The new businesses and residences on Main Street aren't as mixed as Over-the-Rhine activists would have liked, she says.

"It caters to a different class of folks," Neumeier says. "I have heard people say, 'When I walk down Main Street, I feel like I'm a stranger on my own street.' "

Contrary to what Tarbell believes, moving wealthy people into Over-the-Rhine won't solve all of the current residents' problems, Neumeier says. Wealth doesn't "rub off." Besides, not everyone in Cincinnati really wants a mixed-income Over-the-Rhine.

"There's a force in this town that has a different plan for this neighborhood," she says.

Some are trying to use the April riots to justify wholesale changes without understanding Over-the-Rhine, according to Neumeier.

"Now, all of a sudden Over-the-Rhine is everybody's neighborhood," she says.

The land in Over-the-Rhine has been desirable for a long time because it's so close to the business district.

"It's very much a land struggle," Neumeier says. "It's almost like a gold rush."

She believes it's easier these days for the Over-the-Rhine Chamber of Commerce and developers to get City Hall's attention.

"We're seeing them being able to make progress really quickly," Neumeier says.

But she and other affordable housing advocates blink when asked about the hundreds of low-income residents who took new federal housing vouchers and left Over-the-Rhine in the past year. Instead of the old argument of displacement by force, Neumeier now has to argue it was displacement by choice.

"The folks who have moved out — it's an attempt to find decent affordable housing," she says.

While market-rate developers see the departure of low-income residents as evidence of decreasing demand for low-income housing, Neumeier sees it as evidence there's not enough. Is it any wonder why the two sides haven't gotten along?

Send them to Indian Hill
It's time to change the way we the city treats Over-the-Rhine, according to Councilman John Cranley; the riots proved that. His way is to take on the affordable housing advocates.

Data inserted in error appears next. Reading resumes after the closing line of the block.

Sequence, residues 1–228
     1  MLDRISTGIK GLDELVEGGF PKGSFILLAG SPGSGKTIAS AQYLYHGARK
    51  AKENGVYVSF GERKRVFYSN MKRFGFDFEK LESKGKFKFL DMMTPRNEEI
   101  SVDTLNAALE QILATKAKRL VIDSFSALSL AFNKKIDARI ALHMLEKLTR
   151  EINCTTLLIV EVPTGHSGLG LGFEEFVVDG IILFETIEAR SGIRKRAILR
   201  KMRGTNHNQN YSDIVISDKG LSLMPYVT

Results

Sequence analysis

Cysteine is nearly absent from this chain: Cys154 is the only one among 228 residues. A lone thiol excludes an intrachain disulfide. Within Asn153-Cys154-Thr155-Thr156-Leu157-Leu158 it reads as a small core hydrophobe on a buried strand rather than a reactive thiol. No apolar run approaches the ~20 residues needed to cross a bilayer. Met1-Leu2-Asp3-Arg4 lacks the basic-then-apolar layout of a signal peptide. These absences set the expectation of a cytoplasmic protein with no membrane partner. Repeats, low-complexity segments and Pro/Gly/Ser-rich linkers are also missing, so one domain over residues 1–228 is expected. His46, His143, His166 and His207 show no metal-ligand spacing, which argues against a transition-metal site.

Last summer Cranley sponsored an ordinance restricting low-income housing. The ordinance blocks the city from awarding any of its $25 million in housing subsidies to low-income projects unless they reduce a neighborhood's concentration of poverty or replace other low-income housing. The funds can also go to home-ownership programs and environmental improvements such as lead abatement.

Cranley talks incredulously about the people who opposed him and their reasons, as if they were speaking an incomprehensible language. With so many buildings vacant, Cranley says, gentrification is hardly a major concern.

Affordable housing advocates opposed Cranley from the start. They asked why he was pushing hard for the ordinance just weeks before the election. Was it a coincidence he included the proposal in his campaign commercials? Why wasn't he holding the required public hearing?

A representative from HUD's Cincinnati Area Office wrote a letter in late October saying hearings and a 30-day waiting period were in order. But Cranley said council could hold hearings after the ordinance passed.

"It is a formality," he says. "It has nothing to do with substance. It's not like the substance wasn't debated."

Formal hearings are expected to be scheduled in coming weeks.

Just as Cranley believes it's unnatural to concentrate poverty in already-poor neighborhoods, he says it's unnatural to have high concentrations of very wealthy people, as in Indian Hill.

The ordinance originally had language in favor of spending city dollars on affordable housing outside the city. But that idea drew strong opposition from outside the city, and Cranley dropped it.

"It's unknown what Cranley's ordinance does at this point," says Don Troendle, executive director of the Cincinnati Metropolitan Housing Authority (CMHA).

But it definitely doesn't actually create any more affordable housing outside of the city.

"It appears to continue the concentration of low-income people in high poverty neighborhoods," Troendle says.

If Cranley wants mixed-income housing, Troendle wonders why he led the charge to stop CMHA's Seminary Ridge project in Price Hill. The plan met all the requirements of the ordinance Cranley later introduced, according to Troendle: reducing the density of the existing project from 147 units to 47 and combining two-thirds market-rate housing with one-third public housing.

"It fully embraced mixed-income," Troendle says.

But the property, which has a view of the city, was too valuable to use for public housing, according to Cranley. Council told CMHA to redesign the project.

A mystery called 'OMHAR'
People who know Thomas Denhart agree he is smart, even cagey. After all, he didn't become the largest manager of low-income housing in Over-the-Rhine by making bad decisions.

To put his empire into perspective, consider his share of local public housing. In early 2000, Denhart managed roughly 20 percent of all the Section 8 units occupied by families in the county.

Last year there were 11,334 privately owned, federally subsidized Section 8 units in Hamilton County, according to HUD — 7,675 occupied by families, and the rest by senior citizens, the disabled and others. Denhart managed 1,578 of the units through Hart Realty, the vast majority of them apartments in Over-the-Rhine.